Here are a few tips: First, think about what you want to say, not what you don't want to say, because when you try not to think or do something, it is often more likely to occur. Second, know what you know. If you have memorized the introduction to your speech or what you are going to say in its entirety, just go with it and try not to think too much about every word. If you didn't memorize it, pause before key transitions to allow yourself time to regroup. Third, remind yourself that you have the background to succeed and that you are in control of the situation. This can be the confidence boost you need to ace your pitch.
Finally, here's one more: write it out. Our work shows that writing about worries and stressful events in your life can help increase "working memory" (a kind of mental scratchpad that allows us to "work" with all the information stuck in consciousness). It may even prevent other parts of your life (spouse, kids, house) from creeping in and distracting you under stress. This writing doesn't have to be long, 10 minutes before a big event or regularly for 10 minutes a week can help ensure that we make the most of the brain power we have.
Your research found that high performers are the most likely to choke. Why is that?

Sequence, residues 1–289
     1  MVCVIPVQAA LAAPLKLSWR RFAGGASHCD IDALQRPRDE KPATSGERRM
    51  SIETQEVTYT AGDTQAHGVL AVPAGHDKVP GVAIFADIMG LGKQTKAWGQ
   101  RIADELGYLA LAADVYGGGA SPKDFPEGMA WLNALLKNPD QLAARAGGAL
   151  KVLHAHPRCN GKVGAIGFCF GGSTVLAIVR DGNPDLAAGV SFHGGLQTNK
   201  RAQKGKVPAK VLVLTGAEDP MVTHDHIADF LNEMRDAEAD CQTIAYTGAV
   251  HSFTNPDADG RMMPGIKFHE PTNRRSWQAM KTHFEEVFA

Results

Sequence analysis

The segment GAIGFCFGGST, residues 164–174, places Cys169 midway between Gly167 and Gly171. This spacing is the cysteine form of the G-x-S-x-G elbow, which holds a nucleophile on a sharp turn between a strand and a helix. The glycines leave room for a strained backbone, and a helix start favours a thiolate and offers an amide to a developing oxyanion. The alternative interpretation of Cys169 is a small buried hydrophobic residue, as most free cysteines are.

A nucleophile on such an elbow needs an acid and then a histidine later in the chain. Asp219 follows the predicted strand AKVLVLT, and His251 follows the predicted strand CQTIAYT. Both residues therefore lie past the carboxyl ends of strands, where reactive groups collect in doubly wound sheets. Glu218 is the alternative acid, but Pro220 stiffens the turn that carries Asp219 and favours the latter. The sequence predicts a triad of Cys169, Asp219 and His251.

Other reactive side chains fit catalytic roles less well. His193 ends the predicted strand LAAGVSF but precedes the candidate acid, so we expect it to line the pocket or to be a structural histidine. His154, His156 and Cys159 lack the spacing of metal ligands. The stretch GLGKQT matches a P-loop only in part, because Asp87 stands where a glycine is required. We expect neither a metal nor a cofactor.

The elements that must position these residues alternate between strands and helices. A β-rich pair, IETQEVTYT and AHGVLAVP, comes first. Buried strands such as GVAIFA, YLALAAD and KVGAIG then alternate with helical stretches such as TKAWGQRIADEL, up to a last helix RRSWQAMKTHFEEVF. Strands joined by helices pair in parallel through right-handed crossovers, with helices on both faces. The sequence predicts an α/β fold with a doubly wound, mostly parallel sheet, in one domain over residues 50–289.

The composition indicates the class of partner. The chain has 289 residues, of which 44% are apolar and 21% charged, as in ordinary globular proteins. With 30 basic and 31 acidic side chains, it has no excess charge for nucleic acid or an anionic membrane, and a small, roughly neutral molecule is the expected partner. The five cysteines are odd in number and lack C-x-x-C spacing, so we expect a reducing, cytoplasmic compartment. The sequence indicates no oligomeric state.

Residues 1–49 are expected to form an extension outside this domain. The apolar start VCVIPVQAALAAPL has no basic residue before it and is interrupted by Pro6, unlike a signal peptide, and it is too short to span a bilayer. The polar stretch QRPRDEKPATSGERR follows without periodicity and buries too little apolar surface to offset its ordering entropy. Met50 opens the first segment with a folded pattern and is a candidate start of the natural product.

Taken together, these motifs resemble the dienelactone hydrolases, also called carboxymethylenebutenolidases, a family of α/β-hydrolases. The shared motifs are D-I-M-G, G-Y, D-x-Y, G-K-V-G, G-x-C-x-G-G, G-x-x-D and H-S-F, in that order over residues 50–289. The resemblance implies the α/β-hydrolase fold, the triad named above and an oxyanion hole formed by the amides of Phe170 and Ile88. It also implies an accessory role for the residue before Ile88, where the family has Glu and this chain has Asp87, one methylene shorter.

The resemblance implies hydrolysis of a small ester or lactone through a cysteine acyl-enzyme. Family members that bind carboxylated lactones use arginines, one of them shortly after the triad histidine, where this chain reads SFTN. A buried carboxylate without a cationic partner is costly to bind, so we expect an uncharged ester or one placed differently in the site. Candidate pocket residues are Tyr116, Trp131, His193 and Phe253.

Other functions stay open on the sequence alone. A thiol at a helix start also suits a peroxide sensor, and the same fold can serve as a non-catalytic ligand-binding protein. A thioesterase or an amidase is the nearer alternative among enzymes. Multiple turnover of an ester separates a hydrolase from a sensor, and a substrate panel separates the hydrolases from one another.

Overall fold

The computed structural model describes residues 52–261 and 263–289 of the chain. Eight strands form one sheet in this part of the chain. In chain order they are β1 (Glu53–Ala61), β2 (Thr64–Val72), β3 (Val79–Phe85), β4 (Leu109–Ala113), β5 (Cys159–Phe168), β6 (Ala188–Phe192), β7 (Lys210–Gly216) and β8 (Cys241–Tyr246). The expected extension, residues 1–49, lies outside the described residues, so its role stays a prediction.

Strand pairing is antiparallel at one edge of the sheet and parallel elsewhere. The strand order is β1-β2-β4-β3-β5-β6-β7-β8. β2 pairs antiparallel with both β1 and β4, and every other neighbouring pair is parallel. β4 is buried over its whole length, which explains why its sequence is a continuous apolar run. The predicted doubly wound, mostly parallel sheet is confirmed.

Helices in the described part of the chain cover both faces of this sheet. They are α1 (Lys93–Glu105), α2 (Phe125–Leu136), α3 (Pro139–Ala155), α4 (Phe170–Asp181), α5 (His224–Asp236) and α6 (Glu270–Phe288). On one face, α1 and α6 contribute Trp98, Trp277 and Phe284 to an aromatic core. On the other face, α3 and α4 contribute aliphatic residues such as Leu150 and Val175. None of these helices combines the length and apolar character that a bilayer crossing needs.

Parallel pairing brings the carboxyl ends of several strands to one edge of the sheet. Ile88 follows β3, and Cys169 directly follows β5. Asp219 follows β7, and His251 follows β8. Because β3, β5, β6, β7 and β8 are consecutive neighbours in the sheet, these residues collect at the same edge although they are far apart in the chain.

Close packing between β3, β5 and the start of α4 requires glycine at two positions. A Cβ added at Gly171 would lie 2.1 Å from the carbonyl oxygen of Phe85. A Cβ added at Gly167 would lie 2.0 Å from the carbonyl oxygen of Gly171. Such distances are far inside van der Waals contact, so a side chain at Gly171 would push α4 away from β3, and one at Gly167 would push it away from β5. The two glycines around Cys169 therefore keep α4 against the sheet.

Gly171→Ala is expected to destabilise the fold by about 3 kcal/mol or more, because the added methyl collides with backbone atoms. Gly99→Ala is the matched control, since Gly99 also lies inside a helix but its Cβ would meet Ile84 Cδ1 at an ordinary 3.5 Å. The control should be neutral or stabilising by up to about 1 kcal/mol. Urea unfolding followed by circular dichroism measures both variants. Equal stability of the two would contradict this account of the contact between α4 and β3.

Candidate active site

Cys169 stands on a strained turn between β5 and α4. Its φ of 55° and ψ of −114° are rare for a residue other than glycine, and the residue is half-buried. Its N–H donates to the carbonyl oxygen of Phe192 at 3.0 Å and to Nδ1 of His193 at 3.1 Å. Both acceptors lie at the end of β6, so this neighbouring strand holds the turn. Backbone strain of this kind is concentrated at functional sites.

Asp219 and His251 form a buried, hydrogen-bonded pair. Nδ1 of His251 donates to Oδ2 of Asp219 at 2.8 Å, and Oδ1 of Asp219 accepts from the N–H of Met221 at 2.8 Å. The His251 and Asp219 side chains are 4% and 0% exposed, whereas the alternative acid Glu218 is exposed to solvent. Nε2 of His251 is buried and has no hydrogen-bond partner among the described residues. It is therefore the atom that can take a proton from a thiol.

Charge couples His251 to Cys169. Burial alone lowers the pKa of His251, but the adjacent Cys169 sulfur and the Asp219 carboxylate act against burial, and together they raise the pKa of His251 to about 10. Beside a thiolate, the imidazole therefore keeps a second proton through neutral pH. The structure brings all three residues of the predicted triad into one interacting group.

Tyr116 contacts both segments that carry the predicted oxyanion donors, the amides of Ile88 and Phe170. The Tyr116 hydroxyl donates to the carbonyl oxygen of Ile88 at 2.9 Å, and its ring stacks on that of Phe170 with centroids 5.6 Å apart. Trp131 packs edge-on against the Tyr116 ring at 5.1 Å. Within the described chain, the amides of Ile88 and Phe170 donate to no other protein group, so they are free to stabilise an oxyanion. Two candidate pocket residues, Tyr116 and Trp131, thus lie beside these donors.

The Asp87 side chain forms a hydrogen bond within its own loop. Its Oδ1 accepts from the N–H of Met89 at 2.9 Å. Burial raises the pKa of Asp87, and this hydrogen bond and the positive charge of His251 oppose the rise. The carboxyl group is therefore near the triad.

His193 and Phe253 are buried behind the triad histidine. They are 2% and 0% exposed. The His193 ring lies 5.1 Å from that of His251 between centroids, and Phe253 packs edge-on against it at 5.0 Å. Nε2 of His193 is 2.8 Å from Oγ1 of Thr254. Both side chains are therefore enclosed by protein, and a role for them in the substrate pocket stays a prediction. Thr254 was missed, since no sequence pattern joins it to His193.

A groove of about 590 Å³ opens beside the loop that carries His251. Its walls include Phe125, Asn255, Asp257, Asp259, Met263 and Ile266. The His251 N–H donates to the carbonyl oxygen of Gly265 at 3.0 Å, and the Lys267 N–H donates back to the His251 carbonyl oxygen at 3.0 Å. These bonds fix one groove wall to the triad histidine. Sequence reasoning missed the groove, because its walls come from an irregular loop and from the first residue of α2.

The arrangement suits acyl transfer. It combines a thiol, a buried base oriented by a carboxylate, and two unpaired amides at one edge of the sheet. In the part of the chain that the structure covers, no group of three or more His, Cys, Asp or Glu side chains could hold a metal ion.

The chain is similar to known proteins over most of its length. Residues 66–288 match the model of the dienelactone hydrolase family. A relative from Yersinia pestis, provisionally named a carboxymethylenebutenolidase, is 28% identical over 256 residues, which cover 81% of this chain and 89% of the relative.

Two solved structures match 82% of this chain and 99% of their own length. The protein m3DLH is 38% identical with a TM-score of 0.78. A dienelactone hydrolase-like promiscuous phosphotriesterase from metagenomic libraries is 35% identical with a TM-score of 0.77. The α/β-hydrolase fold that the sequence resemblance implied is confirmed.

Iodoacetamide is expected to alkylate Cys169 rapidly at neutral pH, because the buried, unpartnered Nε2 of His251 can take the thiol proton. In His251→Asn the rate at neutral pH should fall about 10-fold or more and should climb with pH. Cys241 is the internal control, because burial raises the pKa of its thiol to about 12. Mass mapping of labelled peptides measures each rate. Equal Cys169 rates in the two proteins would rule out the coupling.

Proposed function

Often the high performers put the most pressure on themselves, but that is not the whole story. High-powered people (those with the most cognitive horsepower) usually rely a lot on the prefrontal cortex, and the working memory housed there, to perform at the top. Under pressure, when worries co-opt these resources, high-powered folks don't have all the brain power they normally have to perform at a high level, and thus they choke.
Are there any other characteristics that make a person more prone to choking?
Being a chronic worrier, being highly self-conscious, and a tendency to have negative outlook on a situation all contribute to choking.
I was fascinated by a study mentioned in Choke which demonstrated that black students' scores on a standardized test rose significantly after the election of President Obama because they were less distracted by worries that they might be stereotyped. How big an effect can this "stereotype threat" have?